lcarreau wrote:I know you said in the Lower 48, but the Mauna Loa volcano on the island of Hawaii is somewhere between 13,675 to 13,680 feet above sea level...


Still not in the lower 48 but might be worth mentioning that Mauna Kea is slightly higher at 13,796 ft. This discussion probably wouldn't take long using some GIS software. You would just need a snow cover layer or two, and a topomap. Then remove all the area that has snow and look at elevation changes within specified radii from summits in the remaining area. Or something like that.

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ExcitableBoy

 
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Re: Most elevation gain in the 48 States.

by ExcitableBoy » Tue Dec 13, 2011 6:04 pm

Vitaliy M. wrote:Liberty Ridge from White river TH is a lot of gain. Isn't white river TH at about 4500ft or something? And you have to climb over a pass and Curtis ridge on the way..So probably over 11K of gain from TH?


White River is 4,400 and you have to drop about 1,000 feet to the Carbon so I think you are correct, 11k+. If you starat at Ipsut Creel TH @ 2,300 ft that would be a 12,100 ft ascent. Climbing Tahoma Glacier from West Side Road would be like 12,200 ft. I am guessing these are the largest elevation gains in the contiguous U.S. starting from the highest normally used trailheads.

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Re: Most elevation gain in the 48 States.

by blackhawk » Tue Dec 13, 2011 6:35 pm

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Last edited by blackhawk on Tue Dec 13, 2011 8:41 pm, edited 1 time in total.

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Vitaliy M.

 
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Re: Most elevation gain in the 48 States.

by Vitaliy M. » Tue Dec 13, 2011 6:42 pm

EB, how much elevation gain does Ptarmigan ridge have (approximately)?

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lcarreau

 
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Re: Most elevation gain in the 48 States.

by lcarreau » Tue Dec 13, 2011 6:43 pm

Lionel wrote:Learn to read.



BTW, please give us the DIRT on Dirton, AZ. Where is it located ??? :D
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ExcitableBoy

 
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Re: Most elevation gain in the 48 States.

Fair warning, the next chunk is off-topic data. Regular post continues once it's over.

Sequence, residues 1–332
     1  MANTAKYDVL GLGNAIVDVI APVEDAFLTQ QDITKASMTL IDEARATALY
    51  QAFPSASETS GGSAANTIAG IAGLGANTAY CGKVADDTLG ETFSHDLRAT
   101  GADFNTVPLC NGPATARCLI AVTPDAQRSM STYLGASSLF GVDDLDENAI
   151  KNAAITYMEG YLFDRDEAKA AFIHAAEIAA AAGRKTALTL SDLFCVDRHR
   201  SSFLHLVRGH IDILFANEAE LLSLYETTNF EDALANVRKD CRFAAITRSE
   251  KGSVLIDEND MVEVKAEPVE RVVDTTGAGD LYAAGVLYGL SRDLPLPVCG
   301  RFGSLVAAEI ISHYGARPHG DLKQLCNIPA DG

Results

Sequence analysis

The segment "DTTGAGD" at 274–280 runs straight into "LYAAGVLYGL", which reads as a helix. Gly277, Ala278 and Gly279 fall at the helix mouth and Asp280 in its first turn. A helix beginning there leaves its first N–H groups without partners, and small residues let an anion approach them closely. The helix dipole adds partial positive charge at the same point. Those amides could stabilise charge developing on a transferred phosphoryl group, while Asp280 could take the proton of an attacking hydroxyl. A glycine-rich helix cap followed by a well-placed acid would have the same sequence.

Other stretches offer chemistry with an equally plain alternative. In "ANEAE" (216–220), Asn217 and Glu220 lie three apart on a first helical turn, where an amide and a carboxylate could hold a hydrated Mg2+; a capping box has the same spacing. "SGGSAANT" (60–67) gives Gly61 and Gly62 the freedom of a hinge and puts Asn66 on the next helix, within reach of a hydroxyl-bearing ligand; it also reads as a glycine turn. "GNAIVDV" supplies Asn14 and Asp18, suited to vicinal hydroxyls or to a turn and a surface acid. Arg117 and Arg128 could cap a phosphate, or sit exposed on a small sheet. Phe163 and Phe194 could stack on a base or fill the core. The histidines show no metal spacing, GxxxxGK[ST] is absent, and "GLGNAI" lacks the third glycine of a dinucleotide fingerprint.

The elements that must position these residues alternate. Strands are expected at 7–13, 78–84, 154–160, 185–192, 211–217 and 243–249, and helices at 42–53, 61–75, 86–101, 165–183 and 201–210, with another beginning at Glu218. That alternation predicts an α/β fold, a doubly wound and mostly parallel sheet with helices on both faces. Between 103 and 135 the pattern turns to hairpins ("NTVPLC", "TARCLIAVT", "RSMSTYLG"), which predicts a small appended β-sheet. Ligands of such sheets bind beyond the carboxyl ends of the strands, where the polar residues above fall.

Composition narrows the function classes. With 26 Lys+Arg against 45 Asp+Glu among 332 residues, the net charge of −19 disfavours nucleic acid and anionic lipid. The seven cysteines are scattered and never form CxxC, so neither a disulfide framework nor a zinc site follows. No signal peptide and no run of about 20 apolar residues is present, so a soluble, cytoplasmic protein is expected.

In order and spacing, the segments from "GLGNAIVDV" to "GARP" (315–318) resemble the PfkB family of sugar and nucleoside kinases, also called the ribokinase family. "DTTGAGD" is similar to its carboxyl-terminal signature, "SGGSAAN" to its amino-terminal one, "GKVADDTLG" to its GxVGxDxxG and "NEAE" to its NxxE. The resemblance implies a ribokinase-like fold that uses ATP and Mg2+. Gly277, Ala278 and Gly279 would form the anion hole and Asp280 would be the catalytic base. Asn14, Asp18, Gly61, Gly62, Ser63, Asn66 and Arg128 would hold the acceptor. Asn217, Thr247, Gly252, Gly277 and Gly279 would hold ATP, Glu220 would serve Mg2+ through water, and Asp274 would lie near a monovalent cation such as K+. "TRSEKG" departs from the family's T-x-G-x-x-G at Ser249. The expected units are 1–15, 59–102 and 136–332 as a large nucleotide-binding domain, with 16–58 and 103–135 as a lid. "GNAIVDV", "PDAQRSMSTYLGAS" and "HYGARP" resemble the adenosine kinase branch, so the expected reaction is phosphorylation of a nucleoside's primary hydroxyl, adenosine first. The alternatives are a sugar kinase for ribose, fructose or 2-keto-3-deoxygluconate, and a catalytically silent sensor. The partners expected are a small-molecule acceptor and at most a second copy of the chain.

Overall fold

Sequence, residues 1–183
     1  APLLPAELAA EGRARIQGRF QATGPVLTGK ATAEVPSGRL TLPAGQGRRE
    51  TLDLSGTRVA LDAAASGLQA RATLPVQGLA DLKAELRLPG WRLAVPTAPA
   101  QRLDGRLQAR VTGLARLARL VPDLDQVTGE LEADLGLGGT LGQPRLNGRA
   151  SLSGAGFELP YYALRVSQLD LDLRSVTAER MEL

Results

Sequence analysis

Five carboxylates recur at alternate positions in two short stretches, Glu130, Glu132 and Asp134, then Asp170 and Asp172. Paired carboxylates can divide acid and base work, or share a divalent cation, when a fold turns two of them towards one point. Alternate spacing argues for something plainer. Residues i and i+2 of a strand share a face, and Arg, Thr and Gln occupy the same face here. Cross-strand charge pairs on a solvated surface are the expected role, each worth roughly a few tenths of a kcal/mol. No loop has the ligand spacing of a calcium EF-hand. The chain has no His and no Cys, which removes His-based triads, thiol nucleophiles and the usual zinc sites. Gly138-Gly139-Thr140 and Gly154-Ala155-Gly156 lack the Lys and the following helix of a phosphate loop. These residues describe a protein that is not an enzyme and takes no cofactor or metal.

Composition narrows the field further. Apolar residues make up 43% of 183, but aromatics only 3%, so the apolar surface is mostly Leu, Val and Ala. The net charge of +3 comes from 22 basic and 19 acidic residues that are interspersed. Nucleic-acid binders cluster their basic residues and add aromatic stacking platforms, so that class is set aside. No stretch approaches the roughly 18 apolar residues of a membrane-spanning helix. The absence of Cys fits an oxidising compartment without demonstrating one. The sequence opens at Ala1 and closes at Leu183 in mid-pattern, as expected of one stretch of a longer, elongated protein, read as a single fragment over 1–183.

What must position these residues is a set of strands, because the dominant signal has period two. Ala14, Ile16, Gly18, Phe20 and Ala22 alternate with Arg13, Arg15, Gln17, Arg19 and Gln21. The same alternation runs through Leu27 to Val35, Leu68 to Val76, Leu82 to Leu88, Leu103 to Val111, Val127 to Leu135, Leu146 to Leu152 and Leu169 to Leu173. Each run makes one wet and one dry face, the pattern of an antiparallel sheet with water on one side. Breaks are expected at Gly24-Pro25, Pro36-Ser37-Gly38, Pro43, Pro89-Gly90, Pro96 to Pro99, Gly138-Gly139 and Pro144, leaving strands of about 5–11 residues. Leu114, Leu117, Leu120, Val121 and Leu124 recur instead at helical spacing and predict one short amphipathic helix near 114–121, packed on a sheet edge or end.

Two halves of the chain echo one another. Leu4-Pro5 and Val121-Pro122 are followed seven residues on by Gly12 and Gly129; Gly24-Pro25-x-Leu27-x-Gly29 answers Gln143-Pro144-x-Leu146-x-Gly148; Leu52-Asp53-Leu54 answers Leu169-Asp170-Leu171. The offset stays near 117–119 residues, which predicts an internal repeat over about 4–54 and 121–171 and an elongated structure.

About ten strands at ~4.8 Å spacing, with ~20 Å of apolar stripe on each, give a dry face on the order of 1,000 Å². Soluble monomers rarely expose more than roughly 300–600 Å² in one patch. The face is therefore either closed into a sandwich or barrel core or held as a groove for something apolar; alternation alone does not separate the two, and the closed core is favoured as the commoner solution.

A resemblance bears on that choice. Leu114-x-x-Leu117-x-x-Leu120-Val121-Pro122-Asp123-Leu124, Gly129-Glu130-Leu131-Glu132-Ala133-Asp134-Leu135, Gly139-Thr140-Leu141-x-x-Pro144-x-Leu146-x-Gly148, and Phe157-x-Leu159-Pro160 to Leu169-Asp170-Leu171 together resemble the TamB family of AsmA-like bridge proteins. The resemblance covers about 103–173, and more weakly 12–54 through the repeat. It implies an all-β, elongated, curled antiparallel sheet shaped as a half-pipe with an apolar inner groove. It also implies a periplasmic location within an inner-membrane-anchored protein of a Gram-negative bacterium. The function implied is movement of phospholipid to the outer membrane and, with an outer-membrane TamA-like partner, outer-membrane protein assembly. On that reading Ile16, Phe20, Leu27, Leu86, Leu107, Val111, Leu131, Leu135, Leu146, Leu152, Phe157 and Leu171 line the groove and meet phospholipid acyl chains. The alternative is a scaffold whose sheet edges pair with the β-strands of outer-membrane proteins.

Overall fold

by ExcitableBoy » Tue Dec 13, 2011 6:53 pm

Vitaliy M. wrote:EB, how much elevation gain does Ptarmigan ridge have (approximately)?

'That depends. If you start at Mowich lake and approach via spray park, like 9,000 ft. However, by the time Mowich Lake road is opened (August some years) Ptarmigan Ridge will be very out of shape - essentially a vertical bowling alley. If you attempt it early season when you have a hope of good conditions you have to start at the gate at Paul Peak which adds a couple thousand feet and 5.5 miles. And you have to decide how to descend and most likely shuttle a car. If you approach via White River (allows an easy peasy descent down the Emmons, no car shutttle) you can figure on 12,000 ft + since you basically make the approach for Lib Ridge but from the 10k bivi on PR, you have to drop almost 1000 ft to start the route proper.

If you come this way to attempt PR, I'd be interested in going with you. I have a score to settle with that route :D
Last edited by ExcitableBoy on Tue Dec 13, 2011 7:03 pm, edited 1 time in total.

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ExcitableBoy

 
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Re: Most elevation gain in the 48 States.

by ExcitableBoy » Tue Dec 13, 2011 6:58 pm

To the OP; Sunset Ridge on Rainier does not require glacier travel, but word on the street is it is not especially straight forward.

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MoapaPk

 
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Re: Most elevation gain in the 48 States.

by MoapaPk » Tue Dec 13, 2011 7:49 pm

Lionel wrote:In other words not the prominence it has from its nearest saddle, but over it's local terrain. Also, only by hiking, or requiring no specialized gear like crampons or an ice ax? I have and have used both of those, but some of the folks I would hike this potential mountain with, do not.


Folks, remember what Lionel wanted. Even with his caveats, he has to watch whether it would be wise to have microspikes and "specialized" equipment (like bread bags :) ) for San J.